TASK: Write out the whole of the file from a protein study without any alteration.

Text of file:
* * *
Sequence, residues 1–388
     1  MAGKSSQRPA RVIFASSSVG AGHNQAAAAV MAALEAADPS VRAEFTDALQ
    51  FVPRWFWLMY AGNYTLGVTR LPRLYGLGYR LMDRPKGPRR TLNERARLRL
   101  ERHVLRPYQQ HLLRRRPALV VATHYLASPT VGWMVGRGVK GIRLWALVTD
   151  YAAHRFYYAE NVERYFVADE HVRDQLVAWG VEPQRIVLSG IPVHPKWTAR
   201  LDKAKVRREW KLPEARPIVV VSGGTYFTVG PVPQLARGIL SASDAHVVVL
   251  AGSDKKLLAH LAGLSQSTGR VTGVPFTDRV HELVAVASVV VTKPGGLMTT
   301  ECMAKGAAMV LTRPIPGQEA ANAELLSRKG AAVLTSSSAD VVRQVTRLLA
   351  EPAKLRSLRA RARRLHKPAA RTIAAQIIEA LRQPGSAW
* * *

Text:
Sequence, residues 1–388
     1  MAGKSSQRPA RVIFASSSVG AGHNQAAAAV MAALEAADPS VRAEFTDALQ
    51  FVPRWFWLMY AGNYTLGVTR LPRLYGLGYR LMDRPKGPRR TLNERARLRL
   101  ERHVLRPYQQ HLLRRRPALV VATHYLASPT VGWMVGRGVK GIRLWALVTD
   151  YAAHRFYYAE NVERYFVADE HVRDQLVAWG VEPQRIVLSG IPVHPKWTAR
   201  LDKAKVRREW KLPEARPIVV VSGGTYFTVG PVPQLARGIL SASDAHVVVL
   251  AGSDKKLLAH LAGLSQSTGR VTGVPFTDRV HELVAVASVV VTKPGGLMTT
   301  ECMAKGAAMV LTRPIPGQEA ANAELLSRKG AAVLTSSSAD VVRQVTRLLA
   351  EPAKLRSLRA RARRLHKPAA RTIAAQIIEA LRQPGSAW